Home News Dozens killed in Sudan village attack, including children

Dozens killed in Sudan village attack, including children


Sudanese pro-democracy activists say Sudanese paramilitary forces have launched a gun attack on a village in Sudan’s main agricultural region, killing at least 104 people, including dozens of children.

The circumstances of Wednesday’s attack in Wad al-Noura, a village 70 miles south of the capital, Khartoum, are disputed.

But the high death toll, as well as images of mass burials that circulated on social media Thursday and were confirmed by The New York Times, drew international condemnation and made the attack the latest flashpoint in the conflict. Sudan’s brutal war continues for a year.

“Even by the tragic standards of Sudan’s conflict, the images from the massacre in Wadnora are heartbreaking,” Clementine Ngueita Salami, a senior UN official in Sudan, said in a statement.

“The world is watching,” British Foreign Secretary David Cameron said. Wrote on social media“Those responsible will be held accountable.”

Yet, since Sudan descended into war, it has committed countless atrocities with little accountability. Disastrous Civil War Just over a year ago, fighting broke out between the national army and a powerful paramilitary group called the Rapid Support Forces.

With phone lines down in Al Jazeera province, where Wadnora is located, Sudanese have been relying on videos and accounts from local activists for the latest on the mass casualties.

A video shared online and geolocated by The New York Times showed at least five Rapid Support Forces vehicles lined up on a road about a half-mile from Vadnora on Wednesday.

The gunman can be seen standing behind a stationary vehicle, firing machine guns across an open field at the village. The video lasts about five minutes with constant gunfire.

The video’s narrator said local residents blocked access to the village to prevent the militants from entering. But the militants did not appear to have been shot.

However Separate video Wade Nora sent a signal from inside the village that some form of armed defense had been organized. In the video, a villager pleaded for help as gunfire rang out outside.

“The village is under siege,” the man said. “Save Walder Nora.”

The local resistance committee, part of a national network of pro-democracy groups, called the incident a massacre and released a video on Thursday showing at least 50 bodies covered with cloth being laid out for burial in the village.

The videos and photos have been verified by The New York Times and the Sudan Witness Project of the Information Recovery Center, a nonprofit that monitors the conflict and documents potential war crimes.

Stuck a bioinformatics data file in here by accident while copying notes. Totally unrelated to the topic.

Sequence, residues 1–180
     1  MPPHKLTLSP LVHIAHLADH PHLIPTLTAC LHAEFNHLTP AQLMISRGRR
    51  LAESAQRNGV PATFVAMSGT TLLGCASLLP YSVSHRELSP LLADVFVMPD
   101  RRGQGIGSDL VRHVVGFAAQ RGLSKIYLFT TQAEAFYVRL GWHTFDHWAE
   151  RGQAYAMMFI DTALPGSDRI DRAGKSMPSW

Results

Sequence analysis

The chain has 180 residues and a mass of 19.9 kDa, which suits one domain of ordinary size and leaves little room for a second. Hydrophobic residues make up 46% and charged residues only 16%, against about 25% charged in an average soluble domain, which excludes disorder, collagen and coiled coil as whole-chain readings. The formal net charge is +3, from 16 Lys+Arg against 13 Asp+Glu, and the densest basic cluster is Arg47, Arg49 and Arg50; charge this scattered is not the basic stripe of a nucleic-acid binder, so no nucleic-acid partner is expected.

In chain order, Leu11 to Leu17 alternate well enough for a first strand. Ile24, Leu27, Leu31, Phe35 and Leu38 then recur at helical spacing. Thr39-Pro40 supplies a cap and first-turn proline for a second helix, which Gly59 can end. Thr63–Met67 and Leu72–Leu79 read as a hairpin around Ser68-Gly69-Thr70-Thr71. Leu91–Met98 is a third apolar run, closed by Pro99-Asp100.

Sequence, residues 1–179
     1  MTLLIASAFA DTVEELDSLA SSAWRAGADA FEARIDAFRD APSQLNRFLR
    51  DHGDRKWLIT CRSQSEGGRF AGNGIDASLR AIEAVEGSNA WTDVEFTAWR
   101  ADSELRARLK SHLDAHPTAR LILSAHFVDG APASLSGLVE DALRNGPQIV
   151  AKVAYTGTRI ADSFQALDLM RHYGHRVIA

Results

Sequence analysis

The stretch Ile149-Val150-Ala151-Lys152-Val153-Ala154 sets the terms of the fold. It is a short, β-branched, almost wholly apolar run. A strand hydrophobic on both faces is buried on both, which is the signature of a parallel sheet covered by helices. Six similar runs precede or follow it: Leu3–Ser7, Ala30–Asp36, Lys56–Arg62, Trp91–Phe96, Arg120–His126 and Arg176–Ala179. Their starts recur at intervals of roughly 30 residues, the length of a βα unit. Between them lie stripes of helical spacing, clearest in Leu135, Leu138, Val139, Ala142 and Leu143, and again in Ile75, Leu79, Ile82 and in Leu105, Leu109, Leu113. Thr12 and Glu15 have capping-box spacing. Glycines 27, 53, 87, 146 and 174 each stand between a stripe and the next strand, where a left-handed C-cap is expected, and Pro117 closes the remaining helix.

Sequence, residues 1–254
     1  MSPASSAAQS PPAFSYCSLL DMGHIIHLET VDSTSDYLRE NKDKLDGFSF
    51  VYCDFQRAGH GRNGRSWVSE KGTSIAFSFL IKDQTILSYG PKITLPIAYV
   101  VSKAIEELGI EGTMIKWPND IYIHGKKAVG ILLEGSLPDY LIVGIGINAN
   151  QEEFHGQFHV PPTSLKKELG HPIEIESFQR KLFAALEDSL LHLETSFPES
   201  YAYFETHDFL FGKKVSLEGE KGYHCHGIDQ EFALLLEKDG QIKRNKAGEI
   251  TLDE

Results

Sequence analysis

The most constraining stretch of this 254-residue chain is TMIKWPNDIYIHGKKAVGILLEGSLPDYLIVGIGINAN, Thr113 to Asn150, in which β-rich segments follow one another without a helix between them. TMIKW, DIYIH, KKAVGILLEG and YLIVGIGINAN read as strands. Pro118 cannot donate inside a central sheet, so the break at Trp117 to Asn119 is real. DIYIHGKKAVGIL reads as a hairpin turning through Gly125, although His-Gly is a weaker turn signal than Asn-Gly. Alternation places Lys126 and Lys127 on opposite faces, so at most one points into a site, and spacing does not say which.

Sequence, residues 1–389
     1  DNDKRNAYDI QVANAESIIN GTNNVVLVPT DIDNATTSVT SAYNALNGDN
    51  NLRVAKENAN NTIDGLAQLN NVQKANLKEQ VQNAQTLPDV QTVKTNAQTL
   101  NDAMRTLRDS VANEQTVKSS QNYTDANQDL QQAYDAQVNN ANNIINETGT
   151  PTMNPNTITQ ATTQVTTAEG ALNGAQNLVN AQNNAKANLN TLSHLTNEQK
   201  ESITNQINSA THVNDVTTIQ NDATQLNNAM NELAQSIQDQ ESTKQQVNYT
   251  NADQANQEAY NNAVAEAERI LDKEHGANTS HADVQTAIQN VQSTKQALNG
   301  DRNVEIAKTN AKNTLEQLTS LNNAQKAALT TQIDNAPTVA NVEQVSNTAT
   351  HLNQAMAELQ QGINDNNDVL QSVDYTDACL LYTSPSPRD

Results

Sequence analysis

The resistance council said at least 104 people had been killed and accused the state army of failing to save them. “The people of Wad Nora called on the army to save them but shamefully, the army did not respond.”

The Rapid Support Forces disputed that account. In a statement, the force acknowledged that its troops had fired on Wad Nora but said they were attacking military positions around the village and had lost eight soldiers in the fighting.

UNICEF head Catherine Russell said in a statement she was “horrified” by reports that at least 35 children had died and 20 injured in the violence, and called on the warring parties to abide by international law.

Sudan’s army chief of staff, General Abdel Fattah al-Burhan, visited villagers wounded in the attack on Thursday. Speaking at a hospital in the nearby town of Manajir, he said Sudan’s military would give a “harsh response” to the killings by the Rapid Security Forces.

The village is located in an agricultural area that was once the sultan’s granary but is now a battlefield.

RSF captures Wad MadaniLast December, Sudanese troops scored a series of stunning victories on Jazira Island, the capital of Al-Jazeera province, putting Sudanese forces at a disadvantage.

The military has been trying to retake Al Jazeera in a massive counteroffensive in recent months. Wadnura is about 20 miles from the nearest front line.

In the western Darfur region, rapid security forces have surrounded El Fasher, the Sudanese army’s last stronghold in Darfur, raising fears that an all-out war in the city could spark genocide or worsen a starvation crisis that aid workers say threatens to turn into famine.

The RSF has received weapons and other UAE supportIt is its main foreign backer, according to U.S. and U.N. officials. On Thursday, the United States imposed new sanctions over the Sudanese conflict. Seven companies based in the UAE.

Abdalrahman Altayeb contributed to this article in Port Sudan, Sudan. Video from Edit Enara Tiefentheller

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